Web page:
The menisci are made from a rubbery form of cartilage (fibro-elastic cartilage) and are traditionally referred to as the “shock absorbers”of the knee. In truth they are a highly specialised structure that helps to transmit force through the knee, improves the congruity of the joint, improves stability and helps lubricate the joint.
How does the meniscus become injured?
Broadly speaking there are two types of meniscal tears and these are referred to as traumatic and degenerative.
Traumatic meniscal tears are often associated with sports activities and come on very suddenly often following twisting injury to the knee. Depending on the pattern of the tear the knee will often swell over the course of a few hours as fluid builds up in the joint. This fluid then gradually dissipates over a few days but patients are usually left with feelings of instability in the knee (giving way) associated with episodic sharp pains in the area of damage in the knee. Occasionally the knee will lock in one position with the patient unable to fully straighten the knee prompting urgent referral and investigation.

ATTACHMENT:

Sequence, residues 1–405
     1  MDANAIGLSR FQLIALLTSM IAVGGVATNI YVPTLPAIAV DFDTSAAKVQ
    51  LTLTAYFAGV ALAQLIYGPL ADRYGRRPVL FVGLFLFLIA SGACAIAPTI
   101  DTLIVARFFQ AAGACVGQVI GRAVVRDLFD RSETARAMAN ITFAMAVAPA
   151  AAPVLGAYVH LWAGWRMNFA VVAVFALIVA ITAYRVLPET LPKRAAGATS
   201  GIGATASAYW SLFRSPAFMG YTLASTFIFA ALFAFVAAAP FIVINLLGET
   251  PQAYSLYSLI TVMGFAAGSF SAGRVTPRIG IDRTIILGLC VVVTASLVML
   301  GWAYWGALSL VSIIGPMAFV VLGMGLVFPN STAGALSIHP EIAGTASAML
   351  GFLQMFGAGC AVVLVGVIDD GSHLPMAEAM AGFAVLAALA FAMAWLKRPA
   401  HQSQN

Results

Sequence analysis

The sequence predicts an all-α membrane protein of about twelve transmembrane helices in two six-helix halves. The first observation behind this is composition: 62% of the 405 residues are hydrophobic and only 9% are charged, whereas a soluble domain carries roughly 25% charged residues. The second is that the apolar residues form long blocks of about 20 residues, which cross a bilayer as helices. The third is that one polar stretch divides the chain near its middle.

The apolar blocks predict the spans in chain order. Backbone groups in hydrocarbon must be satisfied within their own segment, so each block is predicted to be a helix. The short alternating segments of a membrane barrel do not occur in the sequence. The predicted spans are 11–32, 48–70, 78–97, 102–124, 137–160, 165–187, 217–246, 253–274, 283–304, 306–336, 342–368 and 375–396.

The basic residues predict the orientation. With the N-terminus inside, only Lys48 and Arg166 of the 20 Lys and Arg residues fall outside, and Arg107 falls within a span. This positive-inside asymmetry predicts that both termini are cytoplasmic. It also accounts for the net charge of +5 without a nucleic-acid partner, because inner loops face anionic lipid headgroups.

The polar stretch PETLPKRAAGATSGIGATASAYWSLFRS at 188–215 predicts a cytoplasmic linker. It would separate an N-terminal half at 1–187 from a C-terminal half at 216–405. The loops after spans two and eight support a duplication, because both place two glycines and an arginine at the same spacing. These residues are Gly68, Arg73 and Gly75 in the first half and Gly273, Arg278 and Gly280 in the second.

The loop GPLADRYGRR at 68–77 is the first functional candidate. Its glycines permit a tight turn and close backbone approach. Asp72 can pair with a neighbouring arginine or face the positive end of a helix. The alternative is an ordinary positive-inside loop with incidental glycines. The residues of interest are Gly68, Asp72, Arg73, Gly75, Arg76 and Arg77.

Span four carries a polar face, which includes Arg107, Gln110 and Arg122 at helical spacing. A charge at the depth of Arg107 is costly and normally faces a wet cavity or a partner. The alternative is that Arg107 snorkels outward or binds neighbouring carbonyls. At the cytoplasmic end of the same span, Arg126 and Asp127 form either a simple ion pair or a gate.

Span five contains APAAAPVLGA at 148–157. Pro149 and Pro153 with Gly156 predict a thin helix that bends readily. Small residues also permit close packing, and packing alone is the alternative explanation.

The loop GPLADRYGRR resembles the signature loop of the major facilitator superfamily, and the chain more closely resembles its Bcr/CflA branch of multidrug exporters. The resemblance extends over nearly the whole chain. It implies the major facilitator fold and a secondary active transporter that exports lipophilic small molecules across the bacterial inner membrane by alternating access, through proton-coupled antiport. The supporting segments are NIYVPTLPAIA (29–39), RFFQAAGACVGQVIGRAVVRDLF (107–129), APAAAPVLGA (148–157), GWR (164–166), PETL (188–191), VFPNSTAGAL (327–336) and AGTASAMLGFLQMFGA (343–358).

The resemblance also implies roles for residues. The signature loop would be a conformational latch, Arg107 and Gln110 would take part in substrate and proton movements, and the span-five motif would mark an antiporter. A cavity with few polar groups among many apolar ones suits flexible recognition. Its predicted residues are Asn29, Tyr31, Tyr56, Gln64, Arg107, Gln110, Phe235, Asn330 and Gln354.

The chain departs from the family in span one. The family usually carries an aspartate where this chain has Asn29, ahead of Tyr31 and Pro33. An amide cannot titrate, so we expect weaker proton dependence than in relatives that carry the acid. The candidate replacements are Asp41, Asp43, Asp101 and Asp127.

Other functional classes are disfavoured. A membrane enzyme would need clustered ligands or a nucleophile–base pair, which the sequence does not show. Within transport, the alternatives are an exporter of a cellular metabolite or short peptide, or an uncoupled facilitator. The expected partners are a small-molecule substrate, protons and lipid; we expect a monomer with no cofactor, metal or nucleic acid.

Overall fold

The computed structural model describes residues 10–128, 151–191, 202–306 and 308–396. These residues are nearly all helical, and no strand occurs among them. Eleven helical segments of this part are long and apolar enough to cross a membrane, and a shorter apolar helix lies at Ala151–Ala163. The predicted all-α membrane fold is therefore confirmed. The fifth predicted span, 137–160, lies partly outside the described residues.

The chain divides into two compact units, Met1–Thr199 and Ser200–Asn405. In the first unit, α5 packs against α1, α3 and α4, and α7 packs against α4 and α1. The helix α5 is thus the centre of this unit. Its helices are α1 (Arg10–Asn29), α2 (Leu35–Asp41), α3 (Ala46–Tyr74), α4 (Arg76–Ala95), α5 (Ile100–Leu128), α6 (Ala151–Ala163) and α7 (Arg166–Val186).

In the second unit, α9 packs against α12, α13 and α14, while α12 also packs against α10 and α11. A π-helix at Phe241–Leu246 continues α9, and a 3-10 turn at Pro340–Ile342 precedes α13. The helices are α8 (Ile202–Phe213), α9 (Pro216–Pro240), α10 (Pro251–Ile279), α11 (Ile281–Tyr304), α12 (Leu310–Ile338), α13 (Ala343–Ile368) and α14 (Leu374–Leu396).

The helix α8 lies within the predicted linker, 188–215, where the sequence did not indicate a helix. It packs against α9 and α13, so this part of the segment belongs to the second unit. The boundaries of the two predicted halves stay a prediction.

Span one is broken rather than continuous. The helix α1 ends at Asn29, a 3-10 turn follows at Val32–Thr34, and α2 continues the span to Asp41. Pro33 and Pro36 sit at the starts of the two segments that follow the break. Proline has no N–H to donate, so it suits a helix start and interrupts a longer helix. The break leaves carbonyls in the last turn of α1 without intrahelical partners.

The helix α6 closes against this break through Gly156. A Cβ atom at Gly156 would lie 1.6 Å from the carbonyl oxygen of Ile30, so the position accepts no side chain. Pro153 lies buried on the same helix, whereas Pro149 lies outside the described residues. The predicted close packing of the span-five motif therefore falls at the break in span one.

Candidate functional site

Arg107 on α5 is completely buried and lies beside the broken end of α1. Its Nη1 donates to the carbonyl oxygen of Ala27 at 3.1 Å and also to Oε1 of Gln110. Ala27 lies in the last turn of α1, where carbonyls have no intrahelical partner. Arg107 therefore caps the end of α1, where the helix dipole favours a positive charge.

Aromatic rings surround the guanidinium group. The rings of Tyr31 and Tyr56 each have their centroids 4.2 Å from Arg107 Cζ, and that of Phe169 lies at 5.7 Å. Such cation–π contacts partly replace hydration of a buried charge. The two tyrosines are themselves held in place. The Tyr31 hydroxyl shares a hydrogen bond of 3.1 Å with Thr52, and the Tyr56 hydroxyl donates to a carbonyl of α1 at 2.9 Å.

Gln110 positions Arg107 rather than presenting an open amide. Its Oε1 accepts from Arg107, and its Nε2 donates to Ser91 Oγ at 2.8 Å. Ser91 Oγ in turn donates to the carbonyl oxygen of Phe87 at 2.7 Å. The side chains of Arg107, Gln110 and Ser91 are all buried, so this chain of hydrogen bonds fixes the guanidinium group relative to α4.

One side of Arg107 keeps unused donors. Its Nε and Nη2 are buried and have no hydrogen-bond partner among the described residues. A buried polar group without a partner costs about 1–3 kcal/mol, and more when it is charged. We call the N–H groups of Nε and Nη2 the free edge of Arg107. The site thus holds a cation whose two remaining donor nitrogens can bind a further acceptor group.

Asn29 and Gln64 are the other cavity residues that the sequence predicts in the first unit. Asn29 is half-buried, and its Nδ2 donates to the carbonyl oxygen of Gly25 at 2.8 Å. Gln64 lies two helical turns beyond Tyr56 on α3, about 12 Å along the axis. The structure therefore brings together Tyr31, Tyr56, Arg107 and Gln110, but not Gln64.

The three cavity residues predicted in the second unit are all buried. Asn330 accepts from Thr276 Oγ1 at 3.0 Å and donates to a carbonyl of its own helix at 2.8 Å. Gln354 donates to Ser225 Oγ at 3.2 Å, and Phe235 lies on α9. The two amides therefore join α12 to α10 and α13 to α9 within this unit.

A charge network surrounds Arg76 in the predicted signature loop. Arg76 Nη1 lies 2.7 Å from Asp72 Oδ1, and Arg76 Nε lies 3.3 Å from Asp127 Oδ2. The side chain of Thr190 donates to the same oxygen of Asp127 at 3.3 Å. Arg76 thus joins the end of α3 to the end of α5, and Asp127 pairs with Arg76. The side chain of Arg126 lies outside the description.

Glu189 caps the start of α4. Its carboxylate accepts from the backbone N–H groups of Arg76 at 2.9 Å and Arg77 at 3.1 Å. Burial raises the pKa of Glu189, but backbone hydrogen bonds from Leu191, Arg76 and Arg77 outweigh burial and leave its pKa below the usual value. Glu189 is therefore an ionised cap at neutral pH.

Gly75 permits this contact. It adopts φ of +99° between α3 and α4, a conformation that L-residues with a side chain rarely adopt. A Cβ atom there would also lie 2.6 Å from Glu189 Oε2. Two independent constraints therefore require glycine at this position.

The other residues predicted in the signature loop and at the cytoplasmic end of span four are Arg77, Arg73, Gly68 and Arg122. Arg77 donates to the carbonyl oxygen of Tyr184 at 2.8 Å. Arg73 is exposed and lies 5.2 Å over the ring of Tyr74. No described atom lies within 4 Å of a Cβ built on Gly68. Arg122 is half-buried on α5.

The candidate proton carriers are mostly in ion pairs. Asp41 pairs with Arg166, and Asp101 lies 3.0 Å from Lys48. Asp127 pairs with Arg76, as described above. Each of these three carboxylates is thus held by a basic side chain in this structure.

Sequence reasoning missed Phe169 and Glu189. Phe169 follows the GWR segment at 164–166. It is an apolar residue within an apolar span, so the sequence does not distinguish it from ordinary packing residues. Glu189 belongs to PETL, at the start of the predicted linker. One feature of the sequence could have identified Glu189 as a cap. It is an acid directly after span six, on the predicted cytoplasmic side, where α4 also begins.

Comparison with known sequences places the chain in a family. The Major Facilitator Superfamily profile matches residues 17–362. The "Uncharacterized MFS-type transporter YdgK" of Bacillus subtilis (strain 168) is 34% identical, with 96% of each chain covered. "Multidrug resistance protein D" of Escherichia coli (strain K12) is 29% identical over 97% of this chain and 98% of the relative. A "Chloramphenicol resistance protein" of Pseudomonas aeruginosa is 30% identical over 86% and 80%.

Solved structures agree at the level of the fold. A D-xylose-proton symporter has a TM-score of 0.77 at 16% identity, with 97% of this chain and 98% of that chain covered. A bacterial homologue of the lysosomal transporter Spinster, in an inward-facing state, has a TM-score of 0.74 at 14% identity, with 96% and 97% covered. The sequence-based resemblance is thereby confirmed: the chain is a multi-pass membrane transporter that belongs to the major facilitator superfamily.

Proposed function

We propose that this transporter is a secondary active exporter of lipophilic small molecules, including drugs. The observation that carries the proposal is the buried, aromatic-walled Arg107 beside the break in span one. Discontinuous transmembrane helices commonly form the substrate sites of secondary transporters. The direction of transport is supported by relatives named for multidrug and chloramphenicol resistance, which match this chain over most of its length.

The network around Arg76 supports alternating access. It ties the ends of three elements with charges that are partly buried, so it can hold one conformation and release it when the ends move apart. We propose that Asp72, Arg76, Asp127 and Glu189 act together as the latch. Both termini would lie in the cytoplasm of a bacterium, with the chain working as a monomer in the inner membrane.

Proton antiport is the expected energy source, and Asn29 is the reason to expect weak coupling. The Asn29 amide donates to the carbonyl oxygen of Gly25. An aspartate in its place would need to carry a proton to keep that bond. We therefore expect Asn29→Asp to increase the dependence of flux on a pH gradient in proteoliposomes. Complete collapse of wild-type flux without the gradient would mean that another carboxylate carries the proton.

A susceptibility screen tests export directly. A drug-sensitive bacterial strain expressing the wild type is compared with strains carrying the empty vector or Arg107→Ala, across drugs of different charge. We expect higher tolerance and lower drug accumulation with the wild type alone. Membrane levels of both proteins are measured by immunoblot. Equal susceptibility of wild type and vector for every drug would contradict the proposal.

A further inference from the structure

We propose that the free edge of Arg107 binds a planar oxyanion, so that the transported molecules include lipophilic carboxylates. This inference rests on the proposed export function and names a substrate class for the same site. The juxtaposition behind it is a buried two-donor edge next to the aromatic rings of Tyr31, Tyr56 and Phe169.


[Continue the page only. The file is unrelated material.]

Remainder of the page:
Degenerative meniscal tears may also come on suddenly but are often associated with a less violent injury on a background of early or established arthritis of the knee. Patients with degenerative meniscal tears present with similar symptoms to those with acute tears, but will often have symptoms of arthritis that overlap making diagnosis and treatment slightly more challenging.
How is a torn meniscus diagnosed ?
An MRI scan is usually the preferred tool to confirm the presence of a torn meniscus. Your doctor will usually require xrays to rule out other causes of knee pain to assist with this.
What is the treatment of a cartilage tear (torn meniscus) ?
There are a large number of treatment options for a damaged meniscus. Many patients’ symptoms will improve with simple anti-inflammatories, use of a temporary knee brace and early rehabilitation, possibly under the supervision of a physiotherapist. For those that continue to struggle with symptoms despite these measures surgery may be required. This is usually in the form of Knee Arthroscopy (key hole knee surgery) where meniscal repair can be performed in some cases or removal of the damaged part can be performed if unrepairable (arthroscopic meniscectomy). Mr Barksfield has trained extensively in arthroscopic surgery for knee injuries and will be able to advise you on all types of treatment for your knee injury. Follow the hyperlinks for how this surgery is performed.